The City of Washington Court House was awarded a $500,000 Clean Ohio grant by the Ohio Department of Natural Resources on Wednesday morning to help connect the Tri-County Triangle Trail.
The Clean Ohio Trails Fund works to improve outdoor recreational opportunities for Ohioans by funding trails for outdoor pursuits of all kinds. Local governments, parks and joint recreation districts, conservancy districts, soil and water conservation districts, and non-profit organizations are eligible to apply for Clean Ohio grants.
The Triangle Trail’s mission has been to support recreational trails in Ross, Fayette, and Highland counties by working with local government agencies. The Tri-County Triangle Trail was formed in the early 1990’s with the idea of converting abandoned railroad right-of-ways into public multi-use trails connecting Chillicothe, Frankfort, Greenfield, and Washington C.H.
“This whole project takes a lot of people, it takes the support of the community,” said ODNR Director James Zehringer. “But it really takes one incredible grant writer to obtain this opportunity. When these applications are selected, that’s when the lobbying stops. They don’t involve bureaucrats in this decision, these grants are just so competitive. This is a very exclusive grant, and very competitive and selective, so I want to give kudos to your grant writer, whoever that is.”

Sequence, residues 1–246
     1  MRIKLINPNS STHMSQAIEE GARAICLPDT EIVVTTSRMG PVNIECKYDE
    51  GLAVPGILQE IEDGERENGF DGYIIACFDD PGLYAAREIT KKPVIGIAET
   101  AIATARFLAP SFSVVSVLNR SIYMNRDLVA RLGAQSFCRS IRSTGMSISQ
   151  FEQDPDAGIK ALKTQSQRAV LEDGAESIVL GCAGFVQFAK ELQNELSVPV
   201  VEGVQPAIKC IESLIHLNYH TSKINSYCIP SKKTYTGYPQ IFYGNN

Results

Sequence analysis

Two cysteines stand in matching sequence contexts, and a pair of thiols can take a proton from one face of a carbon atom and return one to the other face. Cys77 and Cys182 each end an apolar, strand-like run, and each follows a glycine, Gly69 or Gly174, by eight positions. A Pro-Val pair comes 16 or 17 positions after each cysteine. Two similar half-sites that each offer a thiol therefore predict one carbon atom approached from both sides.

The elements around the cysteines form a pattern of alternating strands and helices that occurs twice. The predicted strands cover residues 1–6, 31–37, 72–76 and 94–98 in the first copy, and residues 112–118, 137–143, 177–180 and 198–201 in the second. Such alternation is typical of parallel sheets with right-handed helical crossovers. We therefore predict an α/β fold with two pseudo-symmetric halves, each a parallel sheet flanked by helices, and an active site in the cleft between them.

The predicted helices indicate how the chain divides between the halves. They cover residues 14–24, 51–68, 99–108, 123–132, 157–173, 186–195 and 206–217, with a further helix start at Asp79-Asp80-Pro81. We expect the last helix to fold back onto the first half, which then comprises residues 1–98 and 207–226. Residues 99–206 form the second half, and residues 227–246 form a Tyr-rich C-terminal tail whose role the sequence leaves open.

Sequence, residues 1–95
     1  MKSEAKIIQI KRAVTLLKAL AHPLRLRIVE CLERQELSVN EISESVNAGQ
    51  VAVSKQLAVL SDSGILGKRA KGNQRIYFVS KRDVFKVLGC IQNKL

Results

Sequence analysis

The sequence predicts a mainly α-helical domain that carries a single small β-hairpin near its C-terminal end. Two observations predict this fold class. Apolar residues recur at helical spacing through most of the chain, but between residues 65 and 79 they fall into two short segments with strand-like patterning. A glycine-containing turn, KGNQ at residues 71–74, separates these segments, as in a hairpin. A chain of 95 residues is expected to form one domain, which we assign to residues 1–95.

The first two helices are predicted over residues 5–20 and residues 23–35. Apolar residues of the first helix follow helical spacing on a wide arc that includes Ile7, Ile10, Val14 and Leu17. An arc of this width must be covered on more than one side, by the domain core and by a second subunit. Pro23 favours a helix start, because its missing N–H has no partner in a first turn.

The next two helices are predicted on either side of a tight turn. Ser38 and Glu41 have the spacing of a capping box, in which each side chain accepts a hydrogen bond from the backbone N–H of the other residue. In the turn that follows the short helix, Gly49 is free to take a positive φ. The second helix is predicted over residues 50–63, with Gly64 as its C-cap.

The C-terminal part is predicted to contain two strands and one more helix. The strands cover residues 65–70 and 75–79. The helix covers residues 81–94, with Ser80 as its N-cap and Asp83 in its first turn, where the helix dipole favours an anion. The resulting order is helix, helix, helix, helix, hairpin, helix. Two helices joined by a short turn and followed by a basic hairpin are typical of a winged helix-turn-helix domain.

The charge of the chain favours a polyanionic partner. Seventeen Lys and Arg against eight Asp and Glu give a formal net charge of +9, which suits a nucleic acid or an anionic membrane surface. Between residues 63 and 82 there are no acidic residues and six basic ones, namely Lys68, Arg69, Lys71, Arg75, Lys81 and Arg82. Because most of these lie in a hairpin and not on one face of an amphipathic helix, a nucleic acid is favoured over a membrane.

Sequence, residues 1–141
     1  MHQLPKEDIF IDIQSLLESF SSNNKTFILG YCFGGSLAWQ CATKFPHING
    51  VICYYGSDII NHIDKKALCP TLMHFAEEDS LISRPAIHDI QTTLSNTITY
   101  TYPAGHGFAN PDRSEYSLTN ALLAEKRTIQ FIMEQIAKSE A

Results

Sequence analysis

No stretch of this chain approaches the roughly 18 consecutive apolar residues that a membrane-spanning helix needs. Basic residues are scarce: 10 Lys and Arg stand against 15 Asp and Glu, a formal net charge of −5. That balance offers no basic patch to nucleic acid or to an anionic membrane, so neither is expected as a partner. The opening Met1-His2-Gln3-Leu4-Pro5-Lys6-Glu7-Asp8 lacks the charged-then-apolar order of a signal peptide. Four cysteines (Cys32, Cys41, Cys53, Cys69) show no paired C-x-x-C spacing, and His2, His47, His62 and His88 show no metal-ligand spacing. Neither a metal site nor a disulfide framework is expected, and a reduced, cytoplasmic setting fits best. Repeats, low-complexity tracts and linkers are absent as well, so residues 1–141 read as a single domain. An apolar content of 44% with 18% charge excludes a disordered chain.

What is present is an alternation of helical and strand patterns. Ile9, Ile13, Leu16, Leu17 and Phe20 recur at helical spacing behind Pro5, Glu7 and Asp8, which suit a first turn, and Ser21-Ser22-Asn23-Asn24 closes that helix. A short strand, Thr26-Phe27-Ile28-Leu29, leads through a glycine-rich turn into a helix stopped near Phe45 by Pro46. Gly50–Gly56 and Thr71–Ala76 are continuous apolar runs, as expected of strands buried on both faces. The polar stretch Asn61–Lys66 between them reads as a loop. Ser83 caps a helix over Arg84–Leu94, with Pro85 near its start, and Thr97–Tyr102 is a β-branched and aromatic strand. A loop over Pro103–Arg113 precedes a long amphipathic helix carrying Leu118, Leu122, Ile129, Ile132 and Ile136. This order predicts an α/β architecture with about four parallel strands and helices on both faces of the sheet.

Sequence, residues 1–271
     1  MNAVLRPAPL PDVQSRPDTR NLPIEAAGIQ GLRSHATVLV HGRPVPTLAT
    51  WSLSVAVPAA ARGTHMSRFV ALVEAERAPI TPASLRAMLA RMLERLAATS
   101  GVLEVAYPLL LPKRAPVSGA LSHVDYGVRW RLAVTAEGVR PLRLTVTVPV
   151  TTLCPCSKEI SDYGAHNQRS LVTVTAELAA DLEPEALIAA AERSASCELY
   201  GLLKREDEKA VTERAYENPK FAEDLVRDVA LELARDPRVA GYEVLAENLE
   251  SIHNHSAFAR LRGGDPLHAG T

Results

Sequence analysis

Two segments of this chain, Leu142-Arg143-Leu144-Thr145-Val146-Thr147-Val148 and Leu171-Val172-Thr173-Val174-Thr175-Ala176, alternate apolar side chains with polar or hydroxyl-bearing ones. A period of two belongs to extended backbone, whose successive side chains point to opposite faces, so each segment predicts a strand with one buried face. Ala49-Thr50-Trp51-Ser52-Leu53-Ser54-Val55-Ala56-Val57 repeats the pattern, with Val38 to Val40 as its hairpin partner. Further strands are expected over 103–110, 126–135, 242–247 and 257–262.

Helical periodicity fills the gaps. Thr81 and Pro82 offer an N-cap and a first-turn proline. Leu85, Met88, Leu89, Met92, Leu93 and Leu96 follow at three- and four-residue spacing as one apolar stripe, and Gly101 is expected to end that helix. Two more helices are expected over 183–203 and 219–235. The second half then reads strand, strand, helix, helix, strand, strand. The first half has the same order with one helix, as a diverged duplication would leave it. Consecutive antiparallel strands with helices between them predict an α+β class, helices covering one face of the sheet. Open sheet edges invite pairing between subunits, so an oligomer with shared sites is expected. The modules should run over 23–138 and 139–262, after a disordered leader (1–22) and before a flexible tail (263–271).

The grant writer responsible for winning the Clean Ohio grant is Jim Schneider, who was unable to attend the ceremony.
“I am so impressed with the Triangle Trail,” said Zehringer. “What you have established since the 90’s is just incredible. This trail connects regions and this is truly what we are here to promote. People want to be hiking, they want to be biking, they just want to be able to be outdoors. So I am really proud of what you’re doing here.”
The grant will allow for a trail to be constructed from “the ponds” of Washington Park to the YMCA.
“What we like about this is that this allows for a non-highway way to get to the trails,” said Washington C.H. City Manager Joe Denen. “The other thing that I think in the long run will be a tremendous asset is that this will go through a wetland area where the geography is a little bit different from what most people experience in Fayette County. We are able to make some connections to the Industrial Park that have needed to be done for quite some time, and I cannot get over how enormously pleased I am.”
Reach Kellee Bonnell at (740) 313-0355 or on Twitter @newskelleebee.